Secondary students stage walkouts in support of teachers

Nanaimo students left class Friday afternoon to support the teachers' strike, which began Monday.

John Barsby Secondary School students Phebe Briggs

John Barsby Secondary School students Phebe Briggs

Hundreds of Nanaimo students walked out of classes Friday afternoon in a show of support for teachers, who started a three-day strike Monday.

At John Barsby Secondary School, about 200 students rallied outside the building with signs, chanting “We support our teachers.” Nanaimo-North Cowichan NDP MLA Doug Routley joined the students as they paraded along the sidewalks outside the front of the school.

Tory Martin, a Grade 12 student from Wellington Secondary School, came with a group of peers to John Barsby because his own school wasn’t organizing a protest.

He said he was there because he supports his teachers and to express frustration about teacher job action.

“I do feel it’s impacted my studies, not knowing what’s happening,” said Martin.

He added that what teachers are asking for is also important – class sizes should have limits and he believes students deserve better than the old, out-of-date equipment they use now.

“A lot of [teachers] care about us,” he said. “That’s why I’m here – to support them.”

Phebe Briggs, a Grade 11 student and one of the organizers of the John Barsby walkout, said some classes in her school are larger than optimal and she’s afraid it will only get worse.

She wants to show teachers that students are behind their fight for better learning conditions and wages.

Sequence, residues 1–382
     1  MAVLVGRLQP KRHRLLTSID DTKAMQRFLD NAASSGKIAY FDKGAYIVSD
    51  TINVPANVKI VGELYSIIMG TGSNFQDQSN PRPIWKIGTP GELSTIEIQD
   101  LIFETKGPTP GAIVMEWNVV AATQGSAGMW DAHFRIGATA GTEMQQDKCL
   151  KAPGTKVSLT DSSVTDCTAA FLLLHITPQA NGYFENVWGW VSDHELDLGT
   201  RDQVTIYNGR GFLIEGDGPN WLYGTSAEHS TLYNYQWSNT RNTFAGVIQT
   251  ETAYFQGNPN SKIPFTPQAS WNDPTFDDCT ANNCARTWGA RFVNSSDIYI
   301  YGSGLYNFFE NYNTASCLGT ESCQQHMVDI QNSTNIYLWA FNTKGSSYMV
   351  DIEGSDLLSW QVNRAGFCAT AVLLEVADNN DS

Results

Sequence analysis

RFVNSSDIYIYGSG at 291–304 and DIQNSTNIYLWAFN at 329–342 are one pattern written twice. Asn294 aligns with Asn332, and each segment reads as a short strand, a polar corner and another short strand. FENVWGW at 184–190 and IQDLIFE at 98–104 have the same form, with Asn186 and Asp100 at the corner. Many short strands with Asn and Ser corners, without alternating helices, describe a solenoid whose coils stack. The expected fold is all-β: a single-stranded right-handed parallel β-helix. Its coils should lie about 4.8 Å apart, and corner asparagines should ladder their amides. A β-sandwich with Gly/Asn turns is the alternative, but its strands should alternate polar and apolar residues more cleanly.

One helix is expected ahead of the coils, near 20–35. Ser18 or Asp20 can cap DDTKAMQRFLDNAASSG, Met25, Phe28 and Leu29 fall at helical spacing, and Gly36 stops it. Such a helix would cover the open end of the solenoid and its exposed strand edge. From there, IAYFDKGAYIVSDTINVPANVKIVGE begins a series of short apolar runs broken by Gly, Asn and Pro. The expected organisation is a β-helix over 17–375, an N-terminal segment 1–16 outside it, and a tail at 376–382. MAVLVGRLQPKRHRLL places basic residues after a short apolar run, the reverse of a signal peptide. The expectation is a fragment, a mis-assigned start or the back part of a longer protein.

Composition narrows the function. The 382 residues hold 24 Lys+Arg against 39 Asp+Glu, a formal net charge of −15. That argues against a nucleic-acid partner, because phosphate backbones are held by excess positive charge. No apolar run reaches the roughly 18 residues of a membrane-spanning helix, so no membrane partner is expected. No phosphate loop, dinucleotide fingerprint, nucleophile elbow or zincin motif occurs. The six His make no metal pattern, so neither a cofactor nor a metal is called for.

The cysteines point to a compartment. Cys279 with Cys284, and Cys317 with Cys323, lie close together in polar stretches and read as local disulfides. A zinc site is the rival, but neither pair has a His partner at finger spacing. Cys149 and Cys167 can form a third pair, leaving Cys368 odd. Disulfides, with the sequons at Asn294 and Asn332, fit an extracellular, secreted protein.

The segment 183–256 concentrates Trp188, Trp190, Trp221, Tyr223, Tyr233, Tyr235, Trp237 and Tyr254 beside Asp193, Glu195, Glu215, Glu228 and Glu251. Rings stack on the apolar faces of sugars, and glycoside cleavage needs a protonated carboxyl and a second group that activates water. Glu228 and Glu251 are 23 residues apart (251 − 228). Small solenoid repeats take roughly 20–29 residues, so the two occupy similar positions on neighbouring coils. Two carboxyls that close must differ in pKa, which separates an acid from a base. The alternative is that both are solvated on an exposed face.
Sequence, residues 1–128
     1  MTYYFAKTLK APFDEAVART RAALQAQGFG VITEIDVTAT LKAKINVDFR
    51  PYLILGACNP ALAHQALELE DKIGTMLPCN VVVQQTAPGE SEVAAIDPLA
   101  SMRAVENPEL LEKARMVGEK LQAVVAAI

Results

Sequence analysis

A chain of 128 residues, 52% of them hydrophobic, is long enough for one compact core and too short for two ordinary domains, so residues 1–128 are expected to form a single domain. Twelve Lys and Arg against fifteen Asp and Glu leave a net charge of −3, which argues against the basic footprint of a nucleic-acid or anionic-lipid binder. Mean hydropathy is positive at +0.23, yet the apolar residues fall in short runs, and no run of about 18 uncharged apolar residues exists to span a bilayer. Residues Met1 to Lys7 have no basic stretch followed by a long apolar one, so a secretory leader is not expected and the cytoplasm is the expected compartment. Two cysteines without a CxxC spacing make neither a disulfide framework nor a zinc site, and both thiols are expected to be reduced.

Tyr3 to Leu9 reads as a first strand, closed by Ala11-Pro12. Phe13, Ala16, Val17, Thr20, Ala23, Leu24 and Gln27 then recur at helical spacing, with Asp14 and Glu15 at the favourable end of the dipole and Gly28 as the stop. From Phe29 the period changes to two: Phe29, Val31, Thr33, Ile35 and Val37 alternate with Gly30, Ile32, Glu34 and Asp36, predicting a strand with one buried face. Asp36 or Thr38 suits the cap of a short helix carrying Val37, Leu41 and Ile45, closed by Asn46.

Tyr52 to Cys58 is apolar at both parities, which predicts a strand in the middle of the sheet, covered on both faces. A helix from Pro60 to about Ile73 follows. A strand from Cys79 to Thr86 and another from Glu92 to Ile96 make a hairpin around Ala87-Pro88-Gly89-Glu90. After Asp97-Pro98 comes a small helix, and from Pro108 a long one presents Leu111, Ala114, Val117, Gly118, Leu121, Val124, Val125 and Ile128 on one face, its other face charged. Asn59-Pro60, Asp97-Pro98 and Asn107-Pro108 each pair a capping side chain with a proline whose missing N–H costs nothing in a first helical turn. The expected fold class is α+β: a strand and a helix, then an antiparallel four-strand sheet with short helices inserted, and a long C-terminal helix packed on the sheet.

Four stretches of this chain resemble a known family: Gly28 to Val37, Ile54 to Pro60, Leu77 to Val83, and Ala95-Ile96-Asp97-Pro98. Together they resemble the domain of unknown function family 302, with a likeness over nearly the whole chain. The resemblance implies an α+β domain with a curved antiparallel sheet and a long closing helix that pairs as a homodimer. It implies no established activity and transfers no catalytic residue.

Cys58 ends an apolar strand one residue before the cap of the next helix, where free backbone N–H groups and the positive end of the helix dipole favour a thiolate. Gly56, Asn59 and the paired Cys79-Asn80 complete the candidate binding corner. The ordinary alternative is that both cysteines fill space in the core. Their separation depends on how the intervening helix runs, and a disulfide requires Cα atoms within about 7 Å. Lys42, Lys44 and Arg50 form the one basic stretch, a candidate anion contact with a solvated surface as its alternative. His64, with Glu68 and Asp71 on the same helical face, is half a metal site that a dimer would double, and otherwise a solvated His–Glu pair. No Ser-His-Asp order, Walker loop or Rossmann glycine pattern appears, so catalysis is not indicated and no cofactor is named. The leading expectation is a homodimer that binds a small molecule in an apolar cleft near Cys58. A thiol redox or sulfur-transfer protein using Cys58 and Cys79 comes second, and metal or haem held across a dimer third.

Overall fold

“I think they’re asking for fair things,” said Briggs. “B.C. teachers are one of the lowest paid.”

Daniel Quiring, a Grade 11 student, is worried that the province’s intention is to require students to take more distance education courses so that fewer teachers are needed, which would not work for many students.

He was there to stand up for the right of teachers to engage in job action – a right that proposed provincial legislation would take away.

“If the government can get away with not letting teachers protest, government can get away with lots more,” said Quiring.

Tayler Ballendine, a Grade 9 student, said she supports her teachers in their fight for a quality education system.

“They’re not doing this just for money,” she said. “Our teachers care for us a lot.”

Clare Hooper, a Grade 12 student at Dover Bay Secondary School, organized a walkout at her school Friday afternoon as well.

She estimates about 350 students stood with her out front of the school.

“We’re doing it because we’re wanting a change with our education system,” she said. “We don’t get the resources we need.”

Course options are limited by the need to get class sizes as close to 30 as possible, there’s not enough support for special needs students and students are using outdated textbooks because there’s no budget to buy new ones, she added.

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